These Remarks play on an analogy between the words of a language and tools. In Remark 11 introduces the tools metaphor for words, noting that the diversity of uses of words is analogous to the diversity of uses of tools - in contrast to the inference from Augustine's quote that the use of words is primarily to name objects. In Remark 14, the analogy is continued by considering whether anything is gained by trying to fit all tools under a common functional description - to modify something, as - for example a saw modifies the shape of a board. The point, of course, being yet again to demonstrate the folly of Augustine's "one size its all" view of the use of words.
Remark 15 returns to a continuing theme from Remarks 10 and 13, the question "what do the words of a language (in particular, those of the language of Remark 8) signify?" In this Remark, the word signify (bezeichnen in German) is in quotes (in Remark 10 it is in italics) which suggests that answering the question involves not addressing what that specific word "means" in the sense of a definition but the larger question of the nature of the association of word and object. In this Remark, the suggestion is that the most straightforward application of "signify" is when an identifying symbol is physically attached to an object - ie, the association is physical. Then, for example, each tool that the builder in Remark 8 uses might bear such a symbol. When a tool is needed, the builder would show the assistant the appropriate symbol, and the assistant would bring a tool bearing that symbol.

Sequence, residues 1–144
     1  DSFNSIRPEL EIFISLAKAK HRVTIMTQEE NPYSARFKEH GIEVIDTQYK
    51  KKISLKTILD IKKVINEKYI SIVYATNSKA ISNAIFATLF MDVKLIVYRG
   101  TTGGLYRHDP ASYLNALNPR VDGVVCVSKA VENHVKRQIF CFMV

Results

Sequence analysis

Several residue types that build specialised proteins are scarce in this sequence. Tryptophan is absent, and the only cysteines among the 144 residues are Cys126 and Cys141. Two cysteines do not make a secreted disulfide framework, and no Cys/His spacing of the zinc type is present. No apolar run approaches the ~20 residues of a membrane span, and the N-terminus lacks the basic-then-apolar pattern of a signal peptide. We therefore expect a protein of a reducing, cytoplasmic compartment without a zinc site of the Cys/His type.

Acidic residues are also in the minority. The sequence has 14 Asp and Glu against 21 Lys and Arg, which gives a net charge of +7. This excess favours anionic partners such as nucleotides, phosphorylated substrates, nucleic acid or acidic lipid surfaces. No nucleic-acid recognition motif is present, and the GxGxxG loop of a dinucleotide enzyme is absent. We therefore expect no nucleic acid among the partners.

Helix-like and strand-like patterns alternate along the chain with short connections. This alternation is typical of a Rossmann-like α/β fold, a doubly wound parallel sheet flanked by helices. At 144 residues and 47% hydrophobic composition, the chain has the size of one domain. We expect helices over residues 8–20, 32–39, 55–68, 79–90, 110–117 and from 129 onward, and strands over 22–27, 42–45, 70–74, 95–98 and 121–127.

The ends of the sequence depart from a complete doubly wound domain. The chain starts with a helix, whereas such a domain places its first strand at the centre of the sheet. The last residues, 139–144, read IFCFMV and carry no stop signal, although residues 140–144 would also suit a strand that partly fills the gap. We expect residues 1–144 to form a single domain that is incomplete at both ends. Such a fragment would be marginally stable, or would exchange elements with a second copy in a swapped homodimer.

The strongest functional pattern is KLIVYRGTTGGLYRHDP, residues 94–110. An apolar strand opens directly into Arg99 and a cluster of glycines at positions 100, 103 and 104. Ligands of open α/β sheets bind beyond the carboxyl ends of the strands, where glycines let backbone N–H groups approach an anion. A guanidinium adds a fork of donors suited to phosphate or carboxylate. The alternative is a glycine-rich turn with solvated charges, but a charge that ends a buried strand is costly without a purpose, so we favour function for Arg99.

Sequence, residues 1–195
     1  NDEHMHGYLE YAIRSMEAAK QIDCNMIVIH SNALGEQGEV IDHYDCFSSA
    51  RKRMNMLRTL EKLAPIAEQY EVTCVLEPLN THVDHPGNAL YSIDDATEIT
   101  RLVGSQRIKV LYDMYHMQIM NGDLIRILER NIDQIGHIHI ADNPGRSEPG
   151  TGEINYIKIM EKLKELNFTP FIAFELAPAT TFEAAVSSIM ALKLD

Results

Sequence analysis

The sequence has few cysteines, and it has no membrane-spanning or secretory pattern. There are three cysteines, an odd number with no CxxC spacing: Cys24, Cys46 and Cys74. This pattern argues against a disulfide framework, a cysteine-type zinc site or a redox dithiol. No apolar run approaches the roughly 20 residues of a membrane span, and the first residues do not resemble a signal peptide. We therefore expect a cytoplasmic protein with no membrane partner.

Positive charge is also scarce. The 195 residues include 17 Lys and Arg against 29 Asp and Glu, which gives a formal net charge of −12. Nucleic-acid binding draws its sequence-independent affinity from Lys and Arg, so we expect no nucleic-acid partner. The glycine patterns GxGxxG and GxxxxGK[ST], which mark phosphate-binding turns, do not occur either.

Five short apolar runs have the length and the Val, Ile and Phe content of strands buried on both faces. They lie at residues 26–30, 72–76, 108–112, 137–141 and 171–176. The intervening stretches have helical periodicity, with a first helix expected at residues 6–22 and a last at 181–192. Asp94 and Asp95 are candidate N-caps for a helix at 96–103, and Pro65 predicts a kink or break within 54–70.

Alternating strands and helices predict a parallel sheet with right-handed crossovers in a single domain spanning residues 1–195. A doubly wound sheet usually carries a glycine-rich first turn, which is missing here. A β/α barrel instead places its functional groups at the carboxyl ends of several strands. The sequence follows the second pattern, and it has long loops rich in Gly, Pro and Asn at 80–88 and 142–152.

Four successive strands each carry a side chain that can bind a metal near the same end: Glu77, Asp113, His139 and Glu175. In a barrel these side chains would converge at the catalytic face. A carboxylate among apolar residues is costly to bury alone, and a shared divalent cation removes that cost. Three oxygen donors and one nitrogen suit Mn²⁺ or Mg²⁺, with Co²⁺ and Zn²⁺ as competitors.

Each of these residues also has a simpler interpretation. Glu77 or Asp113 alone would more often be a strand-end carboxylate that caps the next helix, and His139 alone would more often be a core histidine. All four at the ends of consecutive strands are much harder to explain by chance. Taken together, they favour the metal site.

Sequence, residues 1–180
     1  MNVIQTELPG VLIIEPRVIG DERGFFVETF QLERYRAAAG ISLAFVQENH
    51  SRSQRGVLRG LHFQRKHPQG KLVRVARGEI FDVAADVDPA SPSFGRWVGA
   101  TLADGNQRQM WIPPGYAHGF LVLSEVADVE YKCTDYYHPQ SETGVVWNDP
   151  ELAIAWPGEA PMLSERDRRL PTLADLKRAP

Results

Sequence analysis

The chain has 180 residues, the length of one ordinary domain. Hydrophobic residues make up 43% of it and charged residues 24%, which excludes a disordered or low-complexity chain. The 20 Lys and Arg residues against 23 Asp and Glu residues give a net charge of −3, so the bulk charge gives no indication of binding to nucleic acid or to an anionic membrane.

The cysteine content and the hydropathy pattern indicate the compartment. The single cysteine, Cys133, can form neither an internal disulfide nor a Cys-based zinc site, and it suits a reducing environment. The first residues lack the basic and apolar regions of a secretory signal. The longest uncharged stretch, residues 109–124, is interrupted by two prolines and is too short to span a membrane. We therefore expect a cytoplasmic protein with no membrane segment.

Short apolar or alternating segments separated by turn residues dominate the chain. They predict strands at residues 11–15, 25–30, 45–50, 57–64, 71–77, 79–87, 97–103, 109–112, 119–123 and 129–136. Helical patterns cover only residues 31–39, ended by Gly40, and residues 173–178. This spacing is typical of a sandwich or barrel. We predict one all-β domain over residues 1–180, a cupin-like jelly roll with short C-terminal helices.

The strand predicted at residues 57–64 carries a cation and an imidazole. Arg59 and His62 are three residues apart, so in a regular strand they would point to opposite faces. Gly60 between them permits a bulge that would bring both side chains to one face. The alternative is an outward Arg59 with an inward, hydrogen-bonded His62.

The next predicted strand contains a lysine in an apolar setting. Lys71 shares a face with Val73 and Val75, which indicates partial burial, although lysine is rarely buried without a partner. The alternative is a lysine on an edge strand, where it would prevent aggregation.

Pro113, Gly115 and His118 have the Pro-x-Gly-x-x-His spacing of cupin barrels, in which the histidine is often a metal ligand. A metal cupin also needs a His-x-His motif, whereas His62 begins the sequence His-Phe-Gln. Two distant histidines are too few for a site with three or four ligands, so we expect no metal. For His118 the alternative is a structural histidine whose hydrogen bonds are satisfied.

I find this Remark rather strange. W is trying to refute Augustine's severely limited concept of meaning as being an association between word and object that can be taught ostensively and therefore analogized to pointing. Yet here, the association is even more limited - physical attachment.